When fast-aging elderly mice with a usual lifespan of 21 days were injected with stem cells from younger mice at the Institute for Regenerative Medicine in Pittsburgh, the results were staggering. Given the injection approximately four days before they were expected to die, not only did the elderly mice live — they lived threefold their normal lifespan, sticking around for 71 days. In human terms, that would be the equivalent of an 80-year-old living to be 200.
While all the donor cells were from rhesus monkeys, the researchers combined up to six distinct embryos into three baby monkeys. According to Dr. Mitalipov, “The cells never fuse, but they stay together and work together to form tissues and organs.” Chimera species are used in order to understand the role specific genes play in embryonic development and may lead to a better understanding of genetic mutation in humans.
Catalog of Habitable Planets
The idea of what makes a planet “habitable” is one of temperature, distance from its parent star, composition, etc. It’s not really one of utility, i.e. “actually being able to go live there”.
The search for exoplanets via NASA’s Kepler project and others has perhaps not discovered life-rich alien worlds (the equipment they use couldn’t do that if they tried), but it has reinforced the idea that there are a TON of planets out there. Planets, like or unlike our own, are very common.
The Planetary Habitability Laboratory at Puerto Rico’s Aricebo observatory (the big crater telescope from Contact) put together this catalog of potentially habitable known exoplanets ranked by their “Earth Similarity”. Visit the link for a load more details.
As our techniques and equipment advance, this list will surely grow by leaps and bounds. It doesn’t mean that any of them will harbor extraterrestrial life, but it reminds us that while the scientific characteristics of our home might not be uncommon, the ability for one species on Earth to search for others like it surely is something special.
Biologists at Bielefeld University have trained honey bees to stick out their tongues when their antennae touch an object.
The tactile conditioning study was conducted by a team from the lab of Volker Dürr, professor for biological cybernetics at Bielefeld, and will allow researchers to investigate how the honey bees use touch in pattern recognition and sense memory.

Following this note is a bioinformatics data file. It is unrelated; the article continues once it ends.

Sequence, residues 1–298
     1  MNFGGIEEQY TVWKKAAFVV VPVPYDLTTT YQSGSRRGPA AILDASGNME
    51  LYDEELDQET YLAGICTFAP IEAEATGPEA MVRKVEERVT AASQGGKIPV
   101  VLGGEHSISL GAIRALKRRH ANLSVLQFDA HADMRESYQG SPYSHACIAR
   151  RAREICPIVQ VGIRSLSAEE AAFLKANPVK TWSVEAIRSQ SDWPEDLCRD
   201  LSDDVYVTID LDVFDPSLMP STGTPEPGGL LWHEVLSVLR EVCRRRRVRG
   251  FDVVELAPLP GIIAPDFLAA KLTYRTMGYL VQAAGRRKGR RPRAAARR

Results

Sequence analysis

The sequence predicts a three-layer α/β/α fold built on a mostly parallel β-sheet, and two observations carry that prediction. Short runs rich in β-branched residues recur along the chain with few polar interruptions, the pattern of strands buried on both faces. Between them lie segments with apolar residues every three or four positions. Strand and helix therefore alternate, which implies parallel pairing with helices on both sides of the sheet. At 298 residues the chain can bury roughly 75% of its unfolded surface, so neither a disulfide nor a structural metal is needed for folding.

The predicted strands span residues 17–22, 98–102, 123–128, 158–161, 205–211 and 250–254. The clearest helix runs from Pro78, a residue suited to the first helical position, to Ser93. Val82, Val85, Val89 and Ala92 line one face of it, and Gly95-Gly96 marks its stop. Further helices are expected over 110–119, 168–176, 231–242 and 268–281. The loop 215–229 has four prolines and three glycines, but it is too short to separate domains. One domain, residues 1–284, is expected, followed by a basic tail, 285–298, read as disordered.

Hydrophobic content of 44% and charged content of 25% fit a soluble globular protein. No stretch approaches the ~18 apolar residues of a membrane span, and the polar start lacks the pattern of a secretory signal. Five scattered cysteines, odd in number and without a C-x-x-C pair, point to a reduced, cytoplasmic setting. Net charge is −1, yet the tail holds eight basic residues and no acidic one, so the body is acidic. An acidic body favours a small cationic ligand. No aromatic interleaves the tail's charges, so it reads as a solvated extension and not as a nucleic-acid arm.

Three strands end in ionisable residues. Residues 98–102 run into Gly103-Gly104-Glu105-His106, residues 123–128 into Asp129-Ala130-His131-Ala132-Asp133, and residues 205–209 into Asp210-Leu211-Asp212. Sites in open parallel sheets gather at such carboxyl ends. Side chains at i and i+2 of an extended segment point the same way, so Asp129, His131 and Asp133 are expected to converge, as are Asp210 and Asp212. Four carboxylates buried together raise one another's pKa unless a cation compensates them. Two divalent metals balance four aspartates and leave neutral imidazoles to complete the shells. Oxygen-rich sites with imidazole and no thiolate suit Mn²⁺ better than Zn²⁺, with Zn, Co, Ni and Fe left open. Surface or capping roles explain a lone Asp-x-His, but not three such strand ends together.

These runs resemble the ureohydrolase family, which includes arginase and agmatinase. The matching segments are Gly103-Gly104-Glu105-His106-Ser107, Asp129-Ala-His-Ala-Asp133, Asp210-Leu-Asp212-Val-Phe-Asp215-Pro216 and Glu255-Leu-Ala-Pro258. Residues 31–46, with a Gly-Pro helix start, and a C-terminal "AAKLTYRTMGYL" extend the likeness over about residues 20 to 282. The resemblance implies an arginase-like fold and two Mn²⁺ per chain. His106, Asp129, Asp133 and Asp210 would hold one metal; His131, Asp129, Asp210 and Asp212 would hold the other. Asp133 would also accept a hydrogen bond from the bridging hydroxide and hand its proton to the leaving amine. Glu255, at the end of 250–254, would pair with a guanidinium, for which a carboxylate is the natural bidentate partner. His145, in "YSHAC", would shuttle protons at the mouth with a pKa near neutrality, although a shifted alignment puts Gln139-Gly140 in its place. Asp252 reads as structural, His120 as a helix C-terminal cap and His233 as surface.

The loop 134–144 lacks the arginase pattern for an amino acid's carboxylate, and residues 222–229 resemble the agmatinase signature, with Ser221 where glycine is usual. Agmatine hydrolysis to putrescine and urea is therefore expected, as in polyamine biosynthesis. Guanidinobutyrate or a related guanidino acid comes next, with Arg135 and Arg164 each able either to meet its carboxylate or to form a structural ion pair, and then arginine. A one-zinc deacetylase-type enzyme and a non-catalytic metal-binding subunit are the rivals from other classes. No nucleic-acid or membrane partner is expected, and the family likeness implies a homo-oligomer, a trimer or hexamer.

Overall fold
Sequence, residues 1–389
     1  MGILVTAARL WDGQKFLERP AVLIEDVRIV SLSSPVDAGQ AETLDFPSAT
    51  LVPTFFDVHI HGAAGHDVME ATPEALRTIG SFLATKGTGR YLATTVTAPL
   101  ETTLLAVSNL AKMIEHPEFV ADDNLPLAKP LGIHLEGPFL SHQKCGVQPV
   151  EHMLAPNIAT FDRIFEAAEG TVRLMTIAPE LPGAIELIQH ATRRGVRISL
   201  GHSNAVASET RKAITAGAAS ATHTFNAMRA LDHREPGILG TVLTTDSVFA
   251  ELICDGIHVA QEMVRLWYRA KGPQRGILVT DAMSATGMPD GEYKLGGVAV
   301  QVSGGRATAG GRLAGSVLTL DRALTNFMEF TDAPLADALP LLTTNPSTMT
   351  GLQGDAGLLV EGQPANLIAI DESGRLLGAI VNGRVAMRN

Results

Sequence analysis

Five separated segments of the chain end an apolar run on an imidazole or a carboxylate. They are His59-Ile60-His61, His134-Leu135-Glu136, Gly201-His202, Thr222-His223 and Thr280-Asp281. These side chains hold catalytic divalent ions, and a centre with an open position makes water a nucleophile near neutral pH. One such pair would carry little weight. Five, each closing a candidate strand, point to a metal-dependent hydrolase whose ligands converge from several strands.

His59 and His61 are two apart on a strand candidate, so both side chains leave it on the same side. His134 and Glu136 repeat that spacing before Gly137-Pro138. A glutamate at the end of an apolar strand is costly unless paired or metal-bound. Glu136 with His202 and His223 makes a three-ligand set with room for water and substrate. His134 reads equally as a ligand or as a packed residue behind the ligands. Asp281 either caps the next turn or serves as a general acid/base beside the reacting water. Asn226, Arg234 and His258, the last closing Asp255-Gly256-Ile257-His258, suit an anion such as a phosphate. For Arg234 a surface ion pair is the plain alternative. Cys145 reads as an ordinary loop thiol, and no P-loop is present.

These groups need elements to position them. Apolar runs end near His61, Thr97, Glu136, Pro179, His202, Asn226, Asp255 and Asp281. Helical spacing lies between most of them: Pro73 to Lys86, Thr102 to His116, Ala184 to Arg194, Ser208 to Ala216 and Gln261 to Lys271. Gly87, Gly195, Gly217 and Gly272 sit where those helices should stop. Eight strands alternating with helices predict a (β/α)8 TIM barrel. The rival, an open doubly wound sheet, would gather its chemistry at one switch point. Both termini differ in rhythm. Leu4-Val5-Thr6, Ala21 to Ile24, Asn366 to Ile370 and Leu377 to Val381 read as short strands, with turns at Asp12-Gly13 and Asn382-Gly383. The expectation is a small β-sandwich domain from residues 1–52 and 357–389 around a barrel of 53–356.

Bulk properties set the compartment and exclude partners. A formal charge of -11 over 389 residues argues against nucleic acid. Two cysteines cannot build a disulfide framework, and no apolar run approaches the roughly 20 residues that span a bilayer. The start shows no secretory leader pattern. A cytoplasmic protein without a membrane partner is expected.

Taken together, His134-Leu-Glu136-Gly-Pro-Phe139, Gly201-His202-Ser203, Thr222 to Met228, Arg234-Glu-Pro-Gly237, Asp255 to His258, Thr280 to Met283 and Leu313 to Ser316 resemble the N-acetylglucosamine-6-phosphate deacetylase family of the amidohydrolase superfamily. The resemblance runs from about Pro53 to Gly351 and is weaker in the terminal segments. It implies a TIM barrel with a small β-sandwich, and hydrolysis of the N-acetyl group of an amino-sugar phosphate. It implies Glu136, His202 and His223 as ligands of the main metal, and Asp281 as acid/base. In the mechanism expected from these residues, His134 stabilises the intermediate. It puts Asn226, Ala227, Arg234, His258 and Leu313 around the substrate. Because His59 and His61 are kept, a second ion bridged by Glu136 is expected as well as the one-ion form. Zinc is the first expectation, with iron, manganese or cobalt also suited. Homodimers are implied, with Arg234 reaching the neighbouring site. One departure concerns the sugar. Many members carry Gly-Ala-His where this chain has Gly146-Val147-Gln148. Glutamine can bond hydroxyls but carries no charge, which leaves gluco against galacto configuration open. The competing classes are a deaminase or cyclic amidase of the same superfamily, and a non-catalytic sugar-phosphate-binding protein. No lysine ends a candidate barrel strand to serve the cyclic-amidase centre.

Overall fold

“We work with honey bees because they are an important model system for behavioural biology and neurobiology,” explained Dürr. “They can be trained. If you can train an insect to respond to a certain stimulus, then you can ask the bees questions in the form of ‘Is A like B? If so, stick your tongue out’.”
The process by which a bee sticks out its tongue when faced with a stimulus is known as the proboscis extension response. It can be conditioned in the bees as a response to a particular textured surface using sugar water. Each time a harnessed honey bee’s antennae touched the surface, the bee was given sugar water. Eventually the bee extends its tongue whenever it touches the right surface.
Currently the biologists are hoping to use the response to find out more about how bees use antennae movements to gather information about their surroundings.
“It is clear that if a bee touches something with an antenna, a finely textured structure, the bee has to move it to get the information it wants,” adds Dürr. “We don’t fully understand the relevance of this movement.”
Electronic brain hacks are turning insects into robotic helpersWe’re a long way from directly controlling human minds remotely, but recent years have seen a string of breakthroughs in hacking the minds of insects. Insect brains are probably the simplest interesting brains, as insects can perform a range of tasks (flying, smelling, carrying, etc.) with brains that have numbers of neurons orders of magnitude less than those in complex vertebrates. A fruit fly has around 100,00 neurons, compared to 85 billion in humans.
So at the conjunction of neuroscience and robotics lie insects — their tiny brains still too complex to model completely, but offering an easy way into modelling certain parts of the brain. It’s how engineers from Sheffield and Sussex universities can claim they’re preparing to upload the smell and sight parts of a bee’s brain into a bee-like flying robot, enmeshed with human-created software to create a completely new “brain”.
The hope is that the bee-bot could fly in areas that other robots can’t fit, like a collapsed building. And it makes sense to use nature’s own smell modules instead of developing new ones — their combination of efficiency in size and operation is so far unmatched by anything synthetic. A bee-bot could smell out explosives in a warzone, or drugs in shipping containers, or any of many other myriad uses, and actually go investigate. They can even be used as little spies. Who would notice a fly sitting on the wall of a meeting room?
A lot of research in the area of bug brains is being funded by the US Defense Advanced Research Projects Agency (Darpa), the Pentagon agency which seeks out new technologies for military use. It’s not hard to imagine a future where drones are grown on farms, with extra controls implanted at the larval stage — a process developed by bionic researchers at North Carolina State University.
Snapped this photo right as he was walking on stage. Still feels like I hallucinated playing MSG with those guys. I remember learning Dream On when I was 11 in summer camp.